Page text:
What we’ve been reading: Metrics for Journalists, News Summer 2016, I love you

Posted on Posted in Algorithm, Blog, Context, Google, Reading

The New York Times is showing their writers where the readers are. The dashboard is called ‘Stela’, for “Story and Event Analytics”, it makes data nice and useful for their staff. They are hardly the first mover,  following the lead of the other advanced digital publications like the Guardian (their system is called Ophan) or Die Welt (Article Score). These dashboards do not include sensor data from readers. We’ll be happy to add data from readers’ contexts to the mix with Xminutes.

Read on: NYTime’s Stela (Nieman Lab) , The Guardian’s Ophan (Digiday), Die Welt’s Article Score (Nieman Lab).

This summer the terrible news doesn’t seem to stop.  Violence and graphic images find us, even as we’re browsing through friends’ happy vacation pictures on our smartphones. Consumers have to engage in self-care to protect themselves, argues Columbis University’s Claire Wardle in this interview with NPR.  Of course, we think that those apps should be context-aware and help yourself protecting you.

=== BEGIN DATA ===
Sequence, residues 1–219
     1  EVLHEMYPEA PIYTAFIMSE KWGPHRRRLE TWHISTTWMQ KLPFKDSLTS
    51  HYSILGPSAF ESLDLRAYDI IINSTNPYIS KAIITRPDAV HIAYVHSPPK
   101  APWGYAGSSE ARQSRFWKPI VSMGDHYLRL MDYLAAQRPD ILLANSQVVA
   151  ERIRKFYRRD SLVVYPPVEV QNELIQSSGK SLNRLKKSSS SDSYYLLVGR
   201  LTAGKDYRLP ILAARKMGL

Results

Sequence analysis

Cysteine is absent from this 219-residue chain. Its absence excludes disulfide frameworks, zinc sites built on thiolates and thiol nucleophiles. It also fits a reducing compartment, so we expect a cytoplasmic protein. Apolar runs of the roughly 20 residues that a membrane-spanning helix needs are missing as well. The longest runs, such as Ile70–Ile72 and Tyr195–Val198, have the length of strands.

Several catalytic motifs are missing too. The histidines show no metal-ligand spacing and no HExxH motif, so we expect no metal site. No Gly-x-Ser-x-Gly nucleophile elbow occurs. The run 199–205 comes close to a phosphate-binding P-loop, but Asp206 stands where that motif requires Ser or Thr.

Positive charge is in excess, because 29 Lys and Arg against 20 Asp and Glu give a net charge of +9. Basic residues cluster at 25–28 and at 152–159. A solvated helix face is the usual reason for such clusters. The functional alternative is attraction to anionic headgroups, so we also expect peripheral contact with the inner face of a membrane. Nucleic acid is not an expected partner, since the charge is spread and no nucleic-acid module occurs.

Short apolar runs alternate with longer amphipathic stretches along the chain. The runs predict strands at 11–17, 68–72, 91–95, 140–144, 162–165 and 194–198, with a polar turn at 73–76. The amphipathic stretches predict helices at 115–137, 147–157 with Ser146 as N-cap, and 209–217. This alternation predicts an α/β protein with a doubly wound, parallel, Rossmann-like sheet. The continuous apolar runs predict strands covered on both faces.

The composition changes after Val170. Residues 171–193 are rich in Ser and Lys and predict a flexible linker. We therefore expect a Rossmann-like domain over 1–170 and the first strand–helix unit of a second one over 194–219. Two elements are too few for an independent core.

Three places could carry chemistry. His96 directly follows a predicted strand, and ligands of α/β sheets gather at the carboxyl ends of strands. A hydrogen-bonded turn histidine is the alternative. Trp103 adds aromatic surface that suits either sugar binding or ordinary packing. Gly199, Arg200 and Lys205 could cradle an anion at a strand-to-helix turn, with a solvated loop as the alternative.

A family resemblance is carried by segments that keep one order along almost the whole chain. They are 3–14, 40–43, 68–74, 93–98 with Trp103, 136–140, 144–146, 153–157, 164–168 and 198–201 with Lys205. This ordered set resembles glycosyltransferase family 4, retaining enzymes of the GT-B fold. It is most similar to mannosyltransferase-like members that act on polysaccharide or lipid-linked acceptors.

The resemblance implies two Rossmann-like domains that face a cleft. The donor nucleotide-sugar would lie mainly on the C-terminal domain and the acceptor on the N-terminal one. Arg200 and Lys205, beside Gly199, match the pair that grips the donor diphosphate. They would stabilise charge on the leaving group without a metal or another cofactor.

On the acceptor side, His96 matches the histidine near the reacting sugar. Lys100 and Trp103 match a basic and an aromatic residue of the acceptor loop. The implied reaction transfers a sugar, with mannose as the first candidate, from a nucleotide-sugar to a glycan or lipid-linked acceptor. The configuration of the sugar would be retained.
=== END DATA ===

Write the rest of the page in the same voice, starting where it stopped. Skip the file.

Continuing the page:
Read on: Managing your News Intake (NPR),

The world is full of Artificial Intelligence jokes – because computers are so good at showing us how funny we are. Here’s one more: Google’s A.I. read millions of GMail messages and learned that ‘I love you’ is the best response in a confusing situation. Luckily, that knowledge never got into Google’s “smart reply” product – thanks to people like Greg Corrado, co-founder of Google Brain. Nothing like a human to make sense of a smart algorithm.

Read on: How Google is remaking itself as a “machine-learning first” company (backchannel.com)